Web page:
Armenian National Security Service director Artur Vanetsian said on September 11 that the Prosecutor-General's Office has opened a criminal case into the wiretapping of telephone conversations between the chiefs of the National Security Service and the Special Investigation Service in which they discussed an ongoing investigation into the 2008 “Marti mek” (“March First”) post-election violence.
Secretly recorded audio of late July conversations between Vanetsian and Special Investigation Service head Sasun Khachatrian was leaked to the media and published by several news websites.
The two officials are heard discussing the case against ex-president Robert Kocharyan, who has been charged over his alleged involvement in the violence a decade ago in Yerevan in which 10 people, including two police officers, were killed.
Kocharyan has denied the charges. He has claimed the country's new government, elected after a spring “people’s revolution”, has launched a "vendetta" against him. Moscow, which has military bases in Armenia, has lately been making its dissatisfaction clear over the pursuit of figures among the dislodged former ruling establishment of its ally.
In comments on claims that his government had broken its promise not to interfere in the work of the judiciary, Prime Minister Nikol Pashinian condemned the wiretapping and the leak. He denied giving instructions to the judiciary.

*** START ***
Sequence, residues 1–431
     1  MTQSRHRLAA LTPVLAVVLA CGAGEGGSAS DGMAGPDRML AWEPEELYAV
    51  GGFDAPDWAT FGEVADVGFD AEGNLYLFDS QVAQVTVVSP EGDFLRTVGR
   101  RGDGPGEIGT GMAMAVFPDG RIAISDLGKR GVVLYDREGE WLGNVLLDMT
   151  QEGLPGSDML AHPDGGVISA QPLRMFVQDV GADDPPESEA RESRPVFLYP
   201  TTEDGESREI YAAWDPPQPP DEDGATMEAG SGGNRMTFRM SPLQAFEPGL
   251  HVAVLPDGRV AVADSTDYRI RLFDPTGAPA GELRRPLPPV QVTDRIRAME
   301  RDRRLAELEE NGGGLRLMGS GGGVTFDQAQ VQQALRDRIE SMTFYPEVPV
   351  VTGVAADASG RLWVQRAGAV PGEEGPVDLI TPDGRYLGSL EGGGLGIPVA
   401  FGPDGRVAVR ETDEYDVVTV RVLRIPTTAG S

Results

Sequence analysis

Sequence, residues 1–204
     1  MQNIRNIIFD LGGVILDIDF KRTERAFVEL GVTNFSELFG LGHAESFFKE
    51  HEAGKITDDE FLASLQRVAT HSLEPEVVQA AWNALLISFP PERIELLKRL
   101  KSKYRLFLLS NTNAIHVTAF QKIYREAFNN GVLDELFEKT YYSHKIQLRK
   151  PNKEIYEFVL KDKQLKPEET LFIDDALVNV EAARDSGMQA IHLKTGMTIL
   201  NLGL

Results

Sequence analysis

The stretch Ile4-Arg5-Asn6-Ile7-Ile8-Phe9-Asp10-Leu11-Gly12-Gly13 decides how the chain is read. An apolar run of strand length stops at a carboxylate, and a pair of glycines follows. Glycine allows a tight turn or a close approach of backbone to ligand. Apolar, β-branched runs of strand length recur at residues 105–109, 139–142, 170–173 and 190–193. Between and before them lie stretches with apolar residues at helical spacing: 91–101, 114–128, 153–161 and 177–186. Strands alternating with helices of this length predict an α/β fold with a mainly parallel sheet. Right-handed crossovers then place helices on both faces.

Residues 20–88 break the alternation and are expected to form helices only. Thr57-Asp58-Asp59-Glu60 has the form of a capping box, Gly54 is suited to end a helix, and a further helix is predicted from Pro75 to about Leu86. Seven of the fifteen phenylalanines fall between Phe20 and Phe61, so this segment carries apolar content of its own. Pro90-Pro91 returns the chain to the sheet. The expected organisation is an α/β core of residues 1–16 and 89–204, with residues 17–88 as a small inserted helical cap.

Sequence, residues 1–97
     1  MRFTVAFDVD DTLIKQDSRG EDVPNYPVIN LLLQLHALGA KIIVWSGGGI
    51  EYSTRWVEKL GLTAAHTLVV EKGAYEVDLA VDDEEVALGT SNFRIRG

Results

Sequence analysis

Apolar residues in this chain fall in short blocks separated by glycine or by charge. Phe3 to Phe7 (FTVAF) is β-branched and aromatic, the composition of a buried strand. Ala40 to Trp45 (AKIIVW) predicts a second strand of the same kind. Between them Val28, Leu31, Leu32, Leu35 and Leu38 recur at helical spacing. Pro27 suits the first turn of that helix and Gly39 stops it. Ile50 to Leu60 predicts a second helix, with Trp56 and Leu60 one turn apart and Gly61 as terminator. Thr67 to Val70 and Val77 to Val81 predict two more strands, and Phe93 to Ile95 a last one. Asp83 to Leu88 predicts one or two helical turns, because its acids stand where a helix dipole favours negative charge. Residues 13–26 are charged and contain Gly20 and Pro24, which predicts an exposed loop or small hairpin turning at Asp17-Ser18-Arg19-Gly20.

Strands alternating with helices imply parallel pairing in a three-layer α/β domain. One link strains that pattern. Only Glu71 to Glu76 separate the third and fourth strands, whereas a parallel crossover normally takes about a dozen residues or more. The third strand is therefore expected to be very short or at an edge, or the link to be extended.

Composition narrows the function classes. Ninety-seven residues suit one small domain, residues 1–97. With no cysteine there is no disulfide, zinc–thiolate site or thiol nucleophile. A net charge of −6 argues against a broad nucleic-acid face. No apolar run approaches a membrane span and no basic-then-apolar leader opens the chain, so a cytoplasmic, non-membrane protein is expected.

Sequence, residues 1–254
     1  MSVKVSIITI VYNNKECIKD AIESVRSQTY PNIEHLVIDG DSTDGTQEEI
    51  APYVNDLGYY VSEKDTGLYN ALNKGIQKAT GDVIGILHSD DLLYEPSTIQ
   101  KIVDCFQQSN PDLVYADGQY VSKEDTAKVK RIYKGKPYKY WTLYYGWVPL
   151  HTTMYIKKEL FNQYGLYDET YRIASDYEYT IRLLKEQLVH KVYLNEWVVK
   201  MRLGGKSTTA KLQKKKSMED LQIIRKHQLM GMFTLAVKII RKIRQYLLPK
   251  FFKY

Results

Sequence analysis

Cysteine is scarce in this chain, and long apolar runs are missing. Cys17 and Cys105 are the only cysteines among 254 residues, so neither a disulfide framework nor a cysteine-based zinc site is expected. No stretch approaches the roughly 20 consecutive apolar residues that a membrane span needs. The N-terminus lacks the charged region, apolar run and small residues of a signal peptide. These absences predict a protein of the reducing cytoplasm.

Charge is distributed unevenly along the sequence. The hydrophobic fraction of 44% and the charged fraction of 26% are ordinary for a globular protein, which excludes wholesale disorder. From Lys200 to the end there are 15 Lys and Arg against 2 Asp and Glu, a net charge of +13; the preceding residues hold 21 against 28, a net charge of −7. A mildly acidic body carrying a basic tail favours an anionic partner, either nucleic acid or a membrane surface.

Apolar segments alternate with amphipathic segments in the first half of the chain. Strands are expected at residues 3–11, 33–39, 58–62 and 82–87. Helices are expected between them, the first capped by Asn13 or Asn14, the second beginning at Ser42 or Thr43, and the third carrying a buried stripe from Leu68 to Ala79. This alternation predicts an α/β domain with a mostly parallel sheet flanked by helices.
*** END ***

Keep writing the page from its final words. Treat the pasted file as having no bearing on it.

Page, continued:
"The case of March 1, 2008 must be disclosed, the murderers must be brought to justice," Pashinian said in a live Facebook broadcast.
At a rally in Yerevan later in the day, he described the wiretapping as a "conspiracy and crime against Armenia's statehood", RFE/RL reported.
The prime minister also reportedly said that he had instructed law enforcement agencies to "find those who organised the conspiracy within the shortest possible period of time and hold them accountable in the strictest terms".
Khachatrian said that investigators had proof that special army units "fully participated" in the 2008 crackdown.
Armenian leaders had "turned soldiers into mercenaries and used them against the people," he added.
Armenia has placed 61st out of 180 countries in the World Press Freedom Index 2019 compiled by Reporters Without Borders, 19 places up on where it finished in the previous year’s ... more
Lydian International Limited (TSE:LYD) has formally notified Armenia of disputes with its government under the country's investment promotion and protection treaties with the UK and Canada, in ... more
Armenian prime minister of less than a year Nikol Pashinian signed two memoranda of understanding (MOUs) with Iran at the presidential palace in Tehran on a trip during which he examined the ... more